Sunday, August 11, 2013

Fall, soon.

It's a quiet Sunday morning here in Maine, where the fall climate is just starting to kick in, and very welcome it is too, after a long humid, hot summer. Here the sheep are enjoying apple 'drops" from the Macintosh-type apple tree in our dooryard.  I say Macintosh-type because that's what they look like, but we don't really know, the tree being perhaps 100 years old. The apples are big and red this year, and they make the sheep very happy.

Last night I went out to walk the dogs and was surprised by how cold it was. Although I couldn't see Orion yet, the stars were bright and the Milky Way clearly visible. I didn't see any Perseids, but the night before I saw three! And the nice cool night! Probably it was only around 50 F, but that's definitely chilly when for several weeks now it hasn't dropped below 60.

I'm looking forward to First Frost. After that it gets much easier to do yard, garden and sheep work, because the bugs are then long gone and the humidity drops away. Snow will be here soon enough, and there's plenty to do to get ready, so I wouldn't be upset if we had an early frost. We're starting to get tomatoes, so that's the main worry -- a frost before we get tomatoes -- over and done with.

Our average First Frost is August 27th, but we've seen one as early as August 22nd.

Our barn cleanings were steaming in the cool weather yesterday morning, while the garden has the distinct look of early fall, with the onion tops already fallen over and the potato vines dying back.

While the extension project continues apace, now we've gotten in a supply of new materials for me to work with.

We'll need to take a brief hiatus from drywalling today to get some plumbing done. The pipes need to be rerouted, since I plan to get our on-demand hot water heater out of the basement and into the extension today if I can. Some of the pipes need to go under some drywall, and then we'll need a partial plumbing inspection, before we go back and finish up the drywall.

This heater will last several years longer, I'm sure, if I get it out of the damp basement and into the new "laundry room."

This space, about four by seven feet, carved out of the new bathroom, is really a laundry closet, not a room. We got the idea from Aimee;s mum and dad's home, which has such a closet. It will have louver doors and shelves for towels and wotnot. It also has an exterior wall very suitable for the vent/air intake to the propane fired hot water heater. Not only will the unit last longer, but we'll also solve the problem of the snow covering the vent. Last winter I had to "suit up" in my insulated coveralls, go out back and shovel the snow away on several occasions, all before my morning shower.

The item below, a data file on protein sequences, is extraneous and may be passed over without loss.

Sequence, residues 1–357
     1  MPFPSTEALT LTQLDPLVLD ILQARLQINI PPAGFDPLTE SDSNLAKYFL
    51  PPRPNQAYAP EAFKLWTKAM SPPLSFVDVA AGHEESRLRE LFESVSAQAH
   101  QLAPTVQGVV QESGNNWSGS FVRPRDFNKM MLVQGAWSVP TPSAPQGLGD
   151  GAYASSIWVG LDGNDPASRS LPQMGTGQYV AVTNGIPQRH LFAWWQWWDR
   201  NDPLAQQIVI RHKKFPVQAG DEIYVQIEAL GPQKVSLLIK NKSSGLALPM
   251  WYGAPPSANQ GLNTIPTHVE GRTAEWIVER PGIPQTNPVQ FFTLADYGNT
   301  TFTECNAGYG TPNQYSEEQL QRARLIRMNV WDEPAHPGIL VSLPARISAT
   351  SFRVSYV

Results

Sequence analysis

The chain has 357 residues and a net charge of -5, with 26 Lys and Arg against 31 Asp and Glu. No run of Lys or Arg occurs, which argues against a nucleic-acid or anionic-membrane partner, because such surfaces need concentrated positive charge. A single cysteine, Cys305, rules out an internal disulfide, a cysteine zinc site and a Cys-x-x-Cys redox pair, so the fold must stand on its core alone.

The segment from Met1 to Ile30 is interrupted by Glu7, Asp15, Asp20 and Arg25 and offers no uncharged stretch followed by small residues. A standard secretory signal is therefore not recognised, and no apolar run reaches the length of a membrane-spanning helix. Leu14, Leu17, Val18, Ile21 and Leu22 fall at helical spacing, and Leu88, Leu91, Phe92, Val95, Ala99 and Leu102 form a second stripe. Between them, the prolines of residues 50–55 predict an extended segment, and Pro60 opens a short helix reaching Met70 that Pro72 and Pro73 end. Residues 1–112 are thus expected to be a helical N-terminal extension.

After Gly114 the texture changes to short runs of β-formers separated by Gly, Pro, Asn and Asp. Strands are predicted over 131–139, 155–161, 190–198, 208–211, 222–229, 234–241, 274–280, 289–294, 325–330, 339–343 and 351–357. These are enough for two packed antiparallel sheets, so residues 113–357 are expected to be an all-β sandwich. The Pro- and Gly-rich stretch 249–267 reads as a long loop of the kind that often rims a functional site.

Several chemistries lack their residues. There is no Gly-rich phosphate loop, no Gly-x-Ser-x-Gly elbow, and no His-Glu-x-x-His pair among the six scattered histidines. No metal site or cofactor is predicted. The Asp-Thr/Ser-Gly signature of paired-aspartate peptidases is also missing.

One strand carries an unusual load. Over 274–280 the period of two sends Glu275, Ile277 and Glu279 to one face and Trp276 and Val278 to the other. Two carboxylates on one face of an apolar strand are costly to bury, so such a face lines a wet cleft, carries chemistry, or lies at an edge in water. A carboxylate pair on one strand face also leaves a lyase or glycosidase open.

Not very sensible.

I guess I'd better get on with it, then.

Wittering away on the Internet is not very productive, especially when the weather is cool and dry enough to get a lot of work done today..

No comments:

Post a Comment

Welcome to our Farm Blog.
The purpose of this blog is for Aimee and I to communicate with friends and family, with those of our students, and other folks in general who are interested in homesteading and farming activities.

The earliest posts, at the very end of the blog, tell the story of the Great Farm, our purchase of a fragment of that farm, the renovation of the homestead and its populating with people and animals. Go all the way to the last post in the archive and read backwards from there to get it in chronological order.

After getting tired of spam comments (up to a dozen or more per day), I required commentators to be Google "registered users". You can write me at if you have a serious comment or question and are not a registered user.

Spammers -- don't bother writing -- there's no way I will post your spam to my blog. Just go away.